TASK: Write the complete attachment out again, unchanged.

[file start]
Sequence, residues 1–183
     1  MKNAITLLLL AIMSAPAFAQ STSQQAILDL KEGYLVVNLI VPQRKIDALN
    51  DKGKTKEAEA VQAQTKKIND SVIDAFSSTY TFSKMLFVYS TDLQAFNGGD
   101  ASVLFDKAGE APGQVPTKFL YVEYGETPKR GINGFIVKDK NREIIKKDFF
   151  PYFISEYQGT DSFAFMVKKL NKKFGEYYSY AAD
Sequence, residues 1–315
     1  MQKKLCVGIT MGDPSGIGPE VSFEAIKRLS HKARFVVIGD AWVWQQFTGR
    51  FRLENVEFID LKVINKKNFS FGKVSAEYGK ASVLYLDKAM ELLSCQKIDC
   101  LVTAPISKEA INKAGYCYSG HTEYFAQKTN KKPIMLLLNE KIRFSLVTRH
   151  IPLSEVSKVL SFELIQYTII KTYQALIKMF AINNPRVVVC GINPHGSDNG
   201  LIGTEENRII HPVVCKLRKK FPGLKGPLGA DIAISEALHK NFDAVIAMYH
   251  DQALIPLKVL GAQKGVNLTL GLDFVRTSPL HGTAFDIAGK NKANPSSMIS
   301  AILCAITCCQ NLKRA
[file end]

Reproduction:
Sequence, residues 1–183
     1  MKNAITLLLL AIMSAPAFAQ STSQQAILDL KEGYLVVNLI VPQRKIDALN
    51  DKGKTKEAEA VQAQTKKIND SVIDAFSSTY TFSKMLFVYS TDLQAFNGGD
   101  ASVLFDKAGE APGQVPTKFL YVEYGETPKR GINGFIVKDK NREIIKKDFF
   151  PYFISEYQGT DSFAFMVKKL NKKFGEYYSY AAD
Sequence, residues 1–315
     1  MQKKLCVGIT MGDPSGIGPE VSFEAIKRLS HKARFVVIGD AWVWQQFTGR
    51  FRLENVEFID LKVINKKNFS FGKVSAEYGK ASVLYLDKAM ELLSCQKIDC
   101  LVTAPISKEA INKAGYCYSG HTEYFAQKTN KKPIMLLLNE KIRFSLVTRH
   151  IPLSEVSKVL SFELIQYTII KTYQALIKMF AINNPRVVVC GINPHGSDNG
   201  LIGTEENRII HPVVCKLRKK FPGLKGPLGA DIAISEALHK NFDAVIAMYH
   251  DQALIPLKVL GAQKGVNLTL GLDFVRTSPL HGTAFDIAGK NKANPSSMIS
   301  AILCAITCCQ NLKRA